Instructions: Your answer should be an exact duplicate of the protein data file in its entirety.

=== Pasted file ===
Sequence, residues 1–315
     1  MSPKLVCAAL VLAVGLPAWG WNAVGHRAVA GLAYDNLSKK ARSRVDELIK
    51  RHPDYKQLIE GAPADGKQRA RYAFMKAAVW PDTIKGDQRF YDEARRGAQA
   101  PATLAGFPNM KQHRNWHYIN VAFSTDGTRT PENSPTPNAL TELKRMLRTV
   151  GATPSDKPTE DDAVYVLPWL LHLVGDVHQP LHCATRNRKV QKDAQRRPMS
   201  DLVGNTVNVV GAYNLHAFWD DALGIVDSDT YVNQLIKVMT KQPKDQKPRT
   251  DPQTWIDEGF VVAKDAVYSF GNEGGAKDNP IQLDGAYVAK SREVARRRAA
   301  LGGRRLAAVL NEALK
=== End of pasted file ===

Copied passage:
Sequence, residues 1–315
     1  MSPKLVCAAL VLAVGLPAWG WNAVGHRAVA GLAYDNLSKK ARSRVDELIK
    51  RHPDYKQLIE GAPADGKQRA RYAFMKAAVW PDTIKGDQRF YDEARRGAQA
   101  PATLAGFPNM KQHRNWHYIN VAFSTDGTRT PENSPTPNAL TELKRMLRTV
   151  GATPSDKPTE DDAVYVLPWL LHLVGDVHQP LHCATRNRKV QKDAQRRPMS
   201  DLVGNTVNVV GAYNLHAFWD DALGIVDSDT YVNQLIKVMT KQPKDQKPRT
   251  DPQTWIDEGF VVAKDAVYSF GNEGGAKDNP IQLDGAYVAK SREVARRRAA
   301  LGGRRLAAVL NEALK